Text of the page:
People just outside Kintore who live beyond the 1,200-metre distance from fibre broadband connection boxes have been dealt another blow in their battle to receive a decent broadband service.
Many of the longer lines in Kintore have simply had their original copper cables connected to a fibre-enabled cabinet, most of them at the telephone exchange in Kintore. While that nominally enables the authorities to claim these lines have been upgraded to fibre, anything connected with more than 1,200 metres of the old copper cable, is likely to see no speed benefit.
Among them are residents of the Balbithan area of Kintore. There, upgrading to a fibre broadband service, like BT Infinity, actually reduced broadband speeds, rather than improved them.
Fed up with slow speeds as low as 0.5Mb, the residents had clubbed together to apply for a community fibre partnership to deliver superfast broadband to their area.
But their hopes have been dashed again when – rather than the expected proposal and outline costs – they received a reply from Openreach saying that: “Nothing is moving in Scotland at present as everyone is waiting for the Scottish Government to announce their coverage plans under the R100 programme”.
The Openreach response continues: “Until we see what areas will get coverage, what technologies will be deployed and what expectations of speeds are available – it would be a complete waste of your time for us to design and propose new infrastructure at this juncture”.
The Balbithan residents had hoped their Openreach Community Fibre Partnership might not only deliver superfast broadband to their area, but also act as a model for other areas around Kintore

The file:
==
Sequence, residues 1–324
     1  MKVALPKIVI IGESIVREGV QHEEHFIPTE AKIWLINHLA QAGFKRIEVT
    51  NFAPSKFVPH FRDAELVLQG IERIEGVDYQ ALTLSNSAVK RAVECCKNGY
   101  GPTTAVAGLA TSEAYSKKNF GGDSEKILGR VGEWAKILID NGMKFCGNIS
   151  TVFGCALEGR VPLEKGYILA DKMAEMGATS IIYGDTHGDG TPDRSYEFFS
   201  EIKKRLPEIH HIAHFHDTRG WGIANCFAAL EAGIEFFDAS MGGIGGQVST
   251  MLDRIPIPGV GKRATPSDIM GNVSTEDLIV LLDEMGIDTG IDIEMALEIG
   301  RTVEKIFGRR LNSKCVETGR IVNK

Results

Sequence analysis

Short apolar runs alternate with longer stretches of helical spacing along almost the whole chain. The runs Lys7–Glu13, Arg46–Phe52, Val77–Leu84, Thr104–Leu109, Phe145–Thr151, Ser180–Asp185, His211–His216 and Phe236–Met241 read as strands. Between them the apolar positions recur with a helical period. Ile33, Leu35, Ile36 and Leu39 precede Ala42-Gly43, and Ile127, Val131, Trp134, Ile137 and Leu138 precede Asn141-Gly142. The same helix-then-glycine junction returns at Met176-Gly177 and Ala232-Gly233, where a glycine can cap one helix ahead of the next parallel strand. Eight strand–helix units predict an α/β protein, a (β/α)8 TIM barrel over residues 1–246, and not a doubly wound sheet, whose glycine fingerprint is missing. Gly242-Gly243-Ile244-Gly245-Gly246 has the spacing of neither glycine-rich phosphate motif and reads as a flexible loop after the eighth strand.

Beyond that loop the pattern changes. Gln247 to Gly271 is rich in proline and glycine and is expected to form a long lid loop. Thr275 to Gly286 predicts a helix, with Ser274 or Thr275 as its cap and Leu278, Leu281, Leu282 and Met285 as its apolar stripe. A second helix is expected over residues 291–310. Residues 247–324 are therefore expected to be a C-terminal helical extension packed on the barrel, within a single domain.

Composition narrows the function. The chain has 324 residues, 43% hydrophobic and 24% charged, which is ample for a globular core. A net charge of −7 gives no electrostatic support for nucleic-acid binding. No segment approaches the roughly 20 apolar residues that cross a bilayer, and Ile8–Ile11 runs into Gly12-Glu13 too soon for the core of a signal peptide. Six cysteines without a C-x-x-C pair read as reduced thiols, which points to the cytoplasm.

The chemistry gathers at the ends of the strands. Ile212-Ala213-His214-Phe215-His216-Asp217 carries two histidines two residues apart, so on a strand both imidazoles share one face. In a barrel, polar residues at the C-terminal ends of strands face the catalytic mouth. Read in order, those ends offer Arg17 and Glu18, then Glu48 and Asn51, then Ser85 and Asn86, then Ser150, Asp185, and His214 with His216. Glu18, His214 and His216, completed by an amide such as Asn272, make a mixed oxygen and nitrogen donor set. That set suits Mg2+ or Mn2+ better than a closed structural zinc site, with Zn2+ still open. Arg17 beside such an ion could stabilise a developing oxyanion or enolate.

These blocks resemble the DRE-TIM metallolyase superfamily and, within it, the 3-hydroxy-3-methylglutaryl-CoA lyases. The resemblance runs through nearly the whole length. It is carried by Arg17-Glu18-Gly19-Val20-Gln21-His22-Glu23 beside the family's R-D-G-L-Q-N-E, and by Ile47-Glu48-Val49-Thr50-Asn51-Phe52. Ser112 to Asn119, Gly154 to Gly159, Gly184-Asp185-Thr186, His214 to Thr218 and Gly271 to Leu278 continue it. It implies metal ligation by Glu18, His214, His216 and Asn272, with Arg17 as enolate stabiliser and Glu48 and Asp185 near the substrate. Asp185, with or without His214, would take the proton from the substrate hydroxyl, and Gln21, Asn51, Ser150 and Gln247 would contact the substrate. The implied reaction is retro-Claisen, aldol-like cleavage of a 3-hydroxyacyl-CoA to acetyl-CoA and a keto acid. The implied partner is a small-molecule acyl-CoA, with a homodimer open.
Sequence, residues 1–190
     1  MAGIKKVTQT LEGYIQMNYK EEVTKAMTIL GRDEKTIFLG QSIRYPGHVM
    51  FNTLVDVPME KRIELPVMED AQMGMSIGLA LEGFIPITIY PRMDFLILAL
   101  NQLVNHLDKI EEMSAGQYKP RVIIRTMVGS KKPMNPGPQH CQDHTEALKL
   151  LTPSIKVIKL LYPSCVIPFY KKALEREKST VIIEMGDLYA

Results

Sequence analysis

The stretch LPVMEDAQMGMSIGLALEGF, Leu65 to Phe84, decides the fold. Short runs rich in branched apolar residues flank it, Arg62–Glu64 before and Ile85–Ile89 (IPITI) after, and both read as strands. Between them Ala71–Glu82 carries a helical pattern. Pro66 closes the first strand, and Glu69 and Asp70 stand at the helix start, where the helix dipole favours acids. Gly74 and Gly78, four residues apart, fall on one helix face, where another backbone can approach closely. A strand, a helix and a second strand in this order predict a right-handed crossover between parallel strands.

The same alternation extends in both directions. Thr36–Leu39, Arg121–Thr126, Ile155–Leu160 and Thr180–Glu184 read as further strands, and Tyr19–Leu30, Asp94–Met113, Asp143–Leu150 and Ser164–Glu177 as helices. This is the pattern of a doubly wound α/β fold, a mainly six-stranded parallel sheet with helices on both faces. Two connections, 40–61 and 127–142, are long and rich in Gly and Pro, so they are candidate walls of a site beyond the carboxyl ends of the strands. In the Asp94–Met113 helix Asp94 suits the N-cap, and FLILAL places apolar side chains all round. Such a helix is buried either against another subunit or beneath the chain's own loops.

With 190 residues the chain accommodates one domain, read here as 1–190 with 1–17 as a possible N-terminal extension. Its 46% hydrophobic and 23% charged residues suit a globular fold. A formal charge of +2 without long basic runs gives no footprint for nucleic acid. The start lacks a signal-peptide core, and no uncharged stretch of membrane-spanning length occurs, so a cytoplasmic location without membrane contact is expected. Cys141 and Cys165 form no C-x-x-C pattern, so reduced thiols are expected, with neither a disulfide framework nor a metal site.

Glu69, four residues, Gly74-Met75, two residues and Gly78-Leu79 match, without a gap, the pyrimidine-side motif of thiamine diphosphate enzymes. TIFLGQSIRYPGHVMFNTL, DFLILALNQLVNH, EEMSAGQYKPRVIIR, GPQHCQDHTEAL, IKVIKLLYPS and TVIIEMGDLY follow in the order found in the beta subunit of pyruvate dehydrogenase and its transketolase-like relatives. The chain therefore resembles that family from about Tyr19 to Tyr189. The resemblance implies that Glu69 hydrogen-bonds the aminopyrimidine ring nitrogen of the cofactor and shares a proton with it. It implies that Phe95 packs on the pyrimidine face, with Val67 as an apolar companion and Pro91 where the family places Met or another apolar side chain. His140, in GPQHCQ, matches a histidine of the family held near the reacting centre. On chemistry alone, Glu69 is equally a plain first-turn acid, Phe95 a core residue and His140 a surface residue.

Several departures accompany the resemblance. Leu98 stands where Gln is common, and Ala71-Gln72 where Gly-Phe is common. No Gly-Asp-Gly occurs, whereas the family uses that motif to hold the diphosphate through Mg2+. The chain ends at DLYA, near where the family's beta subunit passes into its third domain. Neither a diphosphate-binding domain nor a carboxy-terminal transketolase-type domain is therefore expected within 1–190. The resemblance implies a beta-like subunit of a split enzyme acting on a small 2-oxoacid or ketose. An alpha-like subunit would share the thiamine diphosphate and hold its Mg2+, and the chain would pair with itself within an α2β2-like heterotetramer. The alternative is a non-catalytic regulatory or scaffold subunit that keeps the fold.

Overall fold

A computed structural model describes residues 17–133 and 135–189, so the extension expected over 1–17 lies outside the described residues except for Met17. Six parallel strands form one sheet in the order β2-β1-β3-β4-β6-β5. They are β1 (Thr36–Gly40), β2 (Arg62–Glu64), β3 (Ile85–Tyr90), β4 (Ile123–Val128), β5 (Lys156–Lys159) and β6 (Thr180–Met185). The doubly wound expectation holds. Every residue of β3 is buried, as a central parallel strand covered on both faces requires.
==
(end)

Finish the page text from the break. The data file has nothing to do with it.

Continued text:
, like Cottown and Leylodge, who are also suffering from very poor broadband.
“It is very frustrating, because this is the second time we have had a community fibre partnership application stall on us,” commented one of the residents.
“In 2016 we were advised by senior executives at both Aberdeenshire Council and BT to apply for a community fibre partnership. But, that first application was shelved because of an expected upgrade that never happened.
“In November last year we submitted a second application to Openreach, who had taken over the community fibre partnership programme from BT. Now this second application has been put on hold because everyone is waiting on the Scottish Government to explain how it will deliver on its promise to make ‘superfast’ broadband available to everyone by 2021.
“For those of us who felt let down by the promises that the Digital Scotland Superfast Broadband programme was going to deliver ‘superfast’ broadband to rural subscribers, this just rubs salt into the wound. How long will we have to wait now to get a decent broadband service? It could be a long wait – 2021 is still three years away.”